And hope still remains in Mt. Pleasant. When Brown attended Learning Lab, she met mr.soul, a graphic artist and a member of CAC’s 2016 Support for Artists Planning Team, formed to ensure equity in the arts. The two realized they had a common vision for Mt. Pleasant’s renaissance involving art, and both designated the other as their "first choice" during the Learning Lab matchmaking process.
“We do know that art brings vibrance,” says Brown. “We do know that art in other cities has brought investment. This is a catalyst—not just for the community and our agency, but for the artists.”
mr.soulmr.soul is now one of four artists working to create change in Mt. Pleasant via the Asomdwee Arts project.
“’Asomdwee’ means 'peace' in the West Ghana language," explains Brown. “By injecting African-American history into the mural, the artist is reminding the Mt. Pleasant community of its rich history within the City of Cleveland.”
The mural will cover the walls of the entire MPNDC lobby at 13815 Kinsman Road. Throughout the mural, mr.soul will depict Mt. Pleasant’s rich history and culture, the current conditions, and, most-importantly, the hope for a bright future.
“MPNDC is excited to work with local African-American artists to provide a catalyst of hope for major art projects that will enhance the Mt. Pleasant community and bring back private investment, highlight the rich African-American culture, and empower the community to know that their best days are not behind them, but are soon to come to fruition,” says Brown.
Movement meets textiles
Thanks to two separate CAC grants, FrontLine Service will be working with two different artists. FrontLine is Ohio’s largest continuum of care agency that addresses mental health issues and violence among the homeless, and also runs Cuyahoga County’s crisis hotline.
Jordan Rush, FrontLine’s volunteer coordinator, says the agency wanted to incorporate the arts into its programming and Learning Lab was the perfect opportunity. “CAC brought together an interesting mix of artists,” he says. “I was expecting just visual artists, but that’s not the case.”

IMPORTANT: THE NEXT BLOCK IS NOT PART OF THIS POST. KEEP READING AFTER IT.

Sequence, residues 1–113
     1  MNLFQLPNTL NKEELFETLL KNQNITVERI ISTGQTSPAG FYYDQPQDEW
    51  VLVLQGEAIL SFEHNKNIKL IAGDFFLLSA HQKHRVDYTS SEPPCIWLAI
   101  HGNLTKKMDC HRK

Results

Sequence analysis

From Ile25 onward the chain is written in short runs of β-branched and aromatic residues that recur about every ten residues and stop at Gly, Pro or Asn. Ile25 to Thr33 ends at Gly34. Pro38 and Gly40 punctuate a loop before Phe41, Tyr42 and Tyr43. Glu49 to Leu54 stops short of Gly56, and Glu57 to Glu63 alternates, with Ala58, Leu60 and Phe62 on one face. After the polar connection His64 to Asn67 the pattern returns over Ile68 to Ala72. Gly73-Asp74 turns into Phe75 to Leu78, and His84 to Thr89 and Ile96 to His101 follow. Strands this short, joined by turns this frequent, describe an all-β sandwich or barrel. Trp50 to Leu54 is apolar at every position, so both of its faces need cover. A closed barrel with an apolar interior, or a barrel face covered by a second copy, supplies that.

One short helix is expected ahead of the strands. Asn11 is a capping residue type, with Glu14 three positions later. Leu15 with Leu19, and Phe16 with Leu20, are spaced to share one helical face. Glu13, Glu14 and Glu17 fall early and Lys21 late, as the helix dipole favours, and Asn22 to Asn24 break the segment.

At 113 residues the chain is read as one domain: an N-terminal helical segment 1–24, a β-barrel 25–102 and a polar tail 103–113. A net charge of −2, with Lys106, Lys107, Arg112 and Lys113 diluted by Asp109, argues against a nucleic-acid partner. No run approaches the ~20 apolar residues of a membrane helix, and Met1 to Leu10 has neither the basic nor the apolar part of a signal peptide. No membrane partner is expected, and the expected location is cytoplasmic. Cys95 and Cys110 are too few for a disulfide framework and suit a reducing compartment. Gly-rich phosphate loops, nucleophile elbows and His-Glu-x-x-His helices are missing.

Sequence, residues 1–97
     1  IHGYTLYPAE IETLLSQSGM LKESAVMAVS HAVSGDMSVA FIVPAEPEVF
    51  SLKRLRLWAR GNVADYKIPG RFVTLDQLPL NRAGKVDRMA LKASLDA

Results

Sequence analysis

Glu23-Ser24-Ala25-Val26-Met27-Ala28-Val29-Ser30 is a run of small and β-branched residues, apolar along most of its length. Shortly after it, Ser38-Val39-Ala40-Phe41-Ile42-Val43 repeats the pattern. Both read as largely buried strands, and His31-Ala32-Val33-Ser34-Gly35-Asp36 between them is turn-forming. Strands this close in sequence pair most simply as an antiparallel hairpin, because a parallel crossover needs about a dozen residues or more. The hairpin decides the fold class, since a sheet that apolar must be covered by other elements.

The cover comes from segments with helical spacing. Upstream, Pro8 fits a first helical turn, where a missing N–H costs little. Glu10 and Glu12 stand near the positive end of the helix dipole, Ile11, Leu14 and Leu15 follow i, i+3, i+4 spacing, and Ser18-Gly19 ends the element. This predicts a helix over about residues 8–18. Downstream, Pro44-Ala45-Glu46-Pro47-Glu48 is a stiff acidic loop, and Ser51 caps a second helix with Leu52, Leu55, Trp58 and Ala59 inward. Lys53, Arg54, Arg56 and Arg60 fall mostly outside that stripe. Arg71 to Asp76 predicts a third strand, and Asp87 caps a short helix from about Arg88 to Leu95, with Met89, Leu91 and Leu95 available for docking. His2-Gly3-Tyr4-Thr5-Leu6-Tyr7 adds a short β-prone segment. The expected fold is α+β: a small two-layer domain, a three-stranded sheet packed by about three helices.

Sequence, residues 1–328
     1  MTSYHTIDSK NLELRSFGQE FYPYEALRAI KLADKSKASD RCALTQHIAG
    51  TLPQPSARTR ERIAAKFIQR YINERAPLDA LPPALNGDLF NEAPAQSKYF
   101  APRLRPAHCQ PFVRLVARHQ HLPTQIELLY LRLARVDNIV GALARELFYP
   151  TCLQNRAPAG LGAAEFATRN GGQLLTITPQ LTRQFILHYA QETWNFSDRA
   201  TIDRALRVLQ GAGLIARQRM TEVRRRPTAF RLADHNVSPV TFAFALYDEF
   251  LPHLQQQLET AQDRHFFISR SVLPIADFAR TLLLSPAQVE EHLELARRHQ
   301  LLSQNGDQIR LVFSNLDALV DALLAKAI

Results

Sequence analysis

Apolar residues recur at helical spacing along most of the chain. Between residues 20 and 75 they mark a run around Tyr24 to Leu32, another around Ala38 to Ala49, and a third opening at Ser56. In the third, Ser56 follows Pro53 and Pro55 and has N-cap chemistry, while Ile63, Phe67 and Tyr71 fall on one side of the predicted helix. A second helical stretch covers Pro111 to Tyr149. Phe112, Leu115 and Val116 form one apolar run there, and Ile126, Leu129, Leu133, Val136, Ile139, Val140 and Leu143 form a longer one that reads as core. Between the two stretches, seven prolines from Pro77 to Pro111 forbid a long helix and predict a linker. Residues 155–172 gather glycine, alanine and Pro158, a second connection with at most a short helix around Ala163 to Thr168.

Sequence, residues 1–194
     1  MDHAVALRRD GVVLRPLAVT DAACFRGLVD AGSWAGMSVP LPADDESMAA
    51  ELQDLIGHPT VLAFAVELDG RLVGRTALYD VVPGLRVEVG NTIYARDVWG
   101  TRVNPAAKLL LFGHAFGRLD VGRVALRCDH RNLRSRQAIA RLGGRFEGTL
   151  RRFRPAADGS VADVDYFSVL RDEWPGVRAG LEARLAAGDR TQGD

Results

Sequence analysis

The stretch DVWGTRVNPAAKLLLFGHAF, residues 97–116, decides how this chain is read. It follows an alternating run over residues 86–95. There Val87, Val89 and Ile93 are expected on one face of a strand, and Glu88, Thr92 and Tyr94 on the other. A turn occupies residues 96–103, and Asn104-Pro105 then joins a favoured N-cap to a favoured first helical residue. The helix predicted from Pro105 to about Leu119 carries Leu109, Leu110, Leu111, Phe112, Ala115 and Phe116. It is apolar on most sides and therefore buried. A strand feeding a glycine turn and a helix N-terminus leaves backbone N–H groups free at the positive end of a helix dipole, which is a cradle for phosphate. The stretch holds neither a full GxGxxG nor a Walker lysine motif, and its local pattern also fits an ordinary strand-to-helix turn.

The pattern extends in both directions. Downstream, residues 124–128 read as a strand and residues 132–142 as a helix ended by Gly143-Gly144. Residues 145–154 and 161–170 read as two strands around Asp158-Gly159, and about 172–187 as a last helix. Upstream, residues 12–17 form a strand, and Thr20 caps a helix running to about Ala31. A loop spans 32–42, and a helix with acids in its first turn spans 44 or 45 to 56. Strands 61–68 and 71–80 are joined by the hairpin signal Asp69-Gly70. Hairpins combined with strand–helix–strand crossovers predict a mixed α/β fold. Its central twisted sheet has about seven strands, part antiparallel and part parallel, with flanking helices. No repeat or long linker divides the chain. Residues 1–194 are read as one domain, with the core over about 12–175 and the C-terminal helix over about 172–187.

Elaine Hullihen at last year's Rooms to Let eventMultimedia artist Elaine Hullihen explores movement and ties it into creating physical works using texture. Her project is titled Stitching the Fabric of Community with Movement and Art.
“The whole goal of the project is to create a sense of community within the permanent housing units, while [providing] a way of de-stressing,” she says.
In a seven-week program, Hullihen begins with fun relaxation classes. “It’s a combination of mindfulness, breathing, relaxing, and creating with some kind of silly and fun [exercises] mixed into it,” she explains. “Halfway through [the course], I’ll bring in fabric. I do crocheting, which is mindful artwork, as a way of relaxing.”
Hullihen says ultimately the students will create a fabric mural, which will be installed on the walls of the FrontLine lobby. “That way, there is a sense of community in seeing something they did together,” she says.
Rush says the impact Hullihen has made at FrontLine has been invaluable. “It’s been interesting to see how clients respond when Elaine is here,” he says. “They are incredibly engaged.”
Sharing stories of homelessness
Meanwhile, through a separate CAC grant, storyteller and affiliate co-director of the National Association of Black Storytellers Oluremi Ann Oliver has also paired with FrontLine. Oliver works with clients within its permanent housing units by hosting storytelling circles in a safe, trauma-informed space, entitled Creating Community by Hearing Each Other.
Oluremi Ann Oliver
Oliver works with groups of 30 people to tell their stories—not to relive their traumas, she emphasizes, but to see what is in their cores and has helped them exist.
“What is amazing is the willingness of people to do that kind of introspection, to be vulnerable, and expose themselves to the group,” Oliver says. “Often, they’ll say, ‘This is the first time I’m sharing this with anyone.’”
Oliver says that while storytelling is often thought of simply as entertainment, the value in sharing a personal story allows people to make themselves vulnerable and open up within a safe space. “I’m not a therapist, but storytelling has the potential for that,” she says. “My aspirations have always been to be a service. Learning Lab was fabulous for that."
Rush says Oliver had agreed to write down some of the stories told in the circle and publish a book for the agency to use for future employees as an introduction to some of the struggles their clients face.
The benefits of the Learning Lab have been two-fold: organizations learned the value of working with local artists, and artists are now equipped to more effectively market themselves for civic projects.
“The result is not only artists and nonprofit leaders who are better positioned to collaborate and serve residents, but [starting] new projects that we never could have imagined,” says Paulsen. “Now, with a grant from CAC, these co-created projects are improving public spaces, intentionally supporting more artists of color, and challenging us to see the world around us in new ways.”
Overall, Learning Lab has been so successful that CAC will partner with CPCP again this November. “We look forward to holding a second CPCP Learning Lab later this year," says Paulsen, "and to supporting more artists in using their creative abilities to make change in Cuyahoga County."